Cerame-Unie is a founding member of industry alliance AEGIS Europe, a grouping of 30 industrial associations dedicated to ensuring that EU policymakers work towards free and fair international trade. AEGIS members are leaders in sustainable manufacturing and account for more than €500 billion in annual turnover and millions of jobs across the EU.
AEGIS Europe published a document dispelling 10 common myths on the Market Economy Status of China (read text below or view publication).
MYTH: China will automatically gain Market Economy Status (MES) in December 2016, regardless of technical requirements, when one subparagraph in its World Trade Organization (WTO) Accession Protocol expires (Art. 15 (a) ii).
REALITY: WTO protocols do not grant MES, automatically or otherwise. In fact, the remaining text of China's Protocol makes it clear that China must meet specific criteria before MES can be granted. None of our major trading partners – neither the US nor Canada, Japan, Brazil or India – consider it automatic.
MYTH: China meets the technical criteria to be a ‘Market Economy’ under WTO rules.
REALITY: WTO rules do not set out technical criteria for Market Economy Status but refer to national rules. EU practice prescribes five technical criteria which China has to meet before it can be considered a market economy. The European Commission’s recent assessment specifies that China has met only one of these criteria.
MYTH: MES will have a limited effect on jobs or growth in Europe because EU exports are strong enough to support the economy.REALITY:Current anti-dumping measures safeguard up to 3,500,000 direct and indirect jobs in Europe. Without the anti-dumping instruments currently available, there will be no way to protect these jobs against unfair trading practices. Artificially low-priced imports will decimate EU producers, not to mention their capacities for innovation and investment. Europeans would face massive job losses at a time when EU economies are still fragile
MYTH: The EU has to decide before other major trading partners given its drawn-out legislative process. Granting MES to China requires a legislative change, thus the process should begin now to be ready by December 2016.REALITY:The EU has no legal obligation to decide anything now. The EU can simply maintain the status quo, because the position of other trading partners will oblige China to submit the issue to the WTO Dispute Settlement Body. The EU should liaise with its major trading partners to take a uniform approach to MES as any pre-emptive EU decision could not be reversed in light of an eventual WTO decision.
MYTH: The global value chain is more important than the trade in intermediate or commodity products; with the granting of MES to China, Europe can focus on high value-added goods and services.REALITY:Economic history shows that sacrificing the production of low-margin intermediate products can quickly put the high-margin end-product production chain at risk. In any case, China is moving up the value chain so quickly that the whole value chain is at risk.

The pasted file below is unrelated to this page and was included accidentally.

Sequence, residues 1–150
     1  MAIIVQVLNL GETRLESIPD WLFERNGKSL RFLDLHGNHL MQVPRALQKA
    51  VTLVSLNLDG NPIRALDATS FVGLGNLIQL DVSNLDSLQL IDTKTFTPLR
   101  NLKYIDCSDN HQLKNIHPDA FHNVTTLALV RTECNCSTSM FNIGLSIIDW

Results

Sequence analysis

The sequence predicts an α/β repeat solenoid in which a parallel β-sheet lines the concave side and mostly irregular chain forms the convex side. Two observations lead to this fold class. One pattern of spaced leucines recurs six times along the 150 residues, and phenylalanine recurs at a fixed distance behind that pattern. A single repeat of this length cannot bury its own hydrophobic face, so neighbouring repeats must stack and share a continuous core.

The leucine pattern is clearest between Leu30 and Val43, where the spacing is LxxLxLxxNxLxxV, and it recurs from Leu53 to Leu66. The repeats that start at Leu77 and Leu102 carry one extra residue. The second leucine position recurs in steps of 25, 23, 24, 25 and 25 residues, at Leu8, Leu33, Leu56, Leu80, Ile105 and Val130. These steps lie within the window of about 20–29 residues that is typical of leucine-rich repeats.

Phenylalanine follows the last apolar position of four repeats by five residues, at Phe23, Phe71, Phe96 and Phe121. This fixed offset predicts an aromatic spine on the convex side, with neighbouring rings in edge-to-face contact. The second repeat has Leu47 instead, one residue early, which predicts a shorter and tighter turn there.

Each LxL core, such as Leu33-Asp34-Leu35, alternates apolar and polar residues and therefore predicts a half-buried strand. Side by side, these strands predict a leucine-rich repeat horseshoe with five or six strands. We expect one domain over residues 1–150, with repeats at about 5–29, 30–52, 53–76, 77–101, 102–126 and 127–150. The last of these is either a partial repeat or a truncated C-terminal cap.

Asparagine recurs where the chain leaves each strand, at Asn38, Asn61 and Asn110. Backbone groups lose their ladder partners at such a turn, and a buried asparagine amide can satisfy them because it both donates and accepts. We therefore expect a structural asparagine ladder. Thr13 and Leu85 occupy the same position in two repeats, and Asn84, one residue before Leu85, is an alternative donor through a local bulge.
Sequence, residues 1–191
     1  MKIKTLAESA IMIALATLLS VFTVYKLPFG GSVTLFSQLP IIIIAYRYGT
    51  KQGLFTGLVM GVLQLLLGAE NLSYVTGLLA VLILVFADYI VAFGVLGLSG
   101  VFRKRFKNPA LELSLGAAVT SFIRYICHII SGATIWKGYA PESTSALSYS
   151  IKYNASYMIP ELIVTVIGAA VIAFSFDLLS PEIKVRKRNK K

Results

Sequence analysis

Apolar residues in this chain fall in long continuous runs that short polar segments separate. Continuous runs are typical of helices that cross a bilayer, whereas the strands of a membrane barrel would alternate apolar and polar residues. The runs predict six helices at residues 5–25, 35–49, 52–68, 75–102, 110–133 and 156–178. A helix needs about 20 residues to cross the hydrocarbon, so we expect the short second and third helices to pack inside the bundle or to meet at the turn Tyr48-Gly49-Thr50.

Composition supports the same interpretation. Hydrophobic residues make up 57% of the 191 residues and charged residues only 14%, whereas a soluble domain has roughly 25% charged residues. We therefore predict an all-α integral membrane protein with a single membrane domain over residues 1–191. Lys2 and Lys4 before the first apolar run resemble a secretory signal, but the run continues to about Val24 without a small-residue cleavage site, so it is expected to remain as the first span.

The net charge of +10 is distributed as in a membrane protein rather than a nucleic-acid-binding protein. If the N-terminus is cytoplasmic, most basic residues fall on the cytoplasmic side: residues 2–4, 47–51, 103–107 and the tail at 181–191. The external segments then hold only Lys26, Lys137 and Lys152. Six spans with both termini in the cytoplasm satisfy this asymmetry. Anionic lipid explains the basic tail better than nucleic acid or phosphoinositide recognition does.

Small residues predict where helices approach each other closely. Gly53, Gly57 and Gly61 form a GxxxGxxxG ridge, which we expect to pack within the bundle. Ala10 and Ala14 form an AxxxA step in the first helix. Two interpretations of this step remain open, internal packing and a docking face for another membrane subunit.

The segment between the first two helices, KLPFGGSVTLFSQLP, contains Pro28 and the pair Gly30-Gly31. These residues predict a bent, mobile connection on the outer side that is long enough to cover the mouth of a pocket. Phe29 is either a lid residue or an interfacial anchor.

MYTH: The Trade Defence Instruments can be modernised to offset any problems caused by granting MES to China.REALITY: As experienced in Australia, there is no effective means to compensate for having to use the artificially low Chinese prices which the granting of MES would entail.
MYTH: Even if the granting of MES to China were to remove the anti-dumping remedy, the anti-subsidy instrument will continue to protect EU industry.REALITY: The anti-subsidy instrument has never been effective in the face of the distortions of the Chinese economy: it only allows action against specific subsidies and not against the subsidies which are generally available in China. To make things worse, in addition to the opaqueness of Chinese subsidy regimes, the Chinese government has never complied with the WTO obligation to report subsidies, nor has it ever cooperated with the European Commission in anti-subsidy investigations. Accordingly, the average subsidy rate found in Chinese cases is negligible, entirely inadequate in redressing injuries to EU industry and easily absorbable by Chinese producers
MYTH: Granting MES will fulfil the EU’s fair trade objectives and will encourage China to follow a rule-based system.REALITY:If the EU grants MES to China, the EU will no longer be able to use trade defence instruments to address unfair trade practices. China could freely dump its products on the EU market. In any event, China has still not fulfilled its obligations under its WTO Accession Protocol and its conduct gives no basis for believing it will start now.
MYTH: Granting MES to China is a purely political decision.REALITY: Political decisions cannot ignore economic realities. A rigorous impact assessment must precede – and be factored into – any subsequent decision, political or otherwise
MYTH: Europe recognisingMES is a precondition to pursuing other agreements with China.REALITY:China, like any other nation, will enter into an agreement if doing so suits their interests.Besides, the premature granting of MES would remove the only leverage the EU has in its economic relations with China.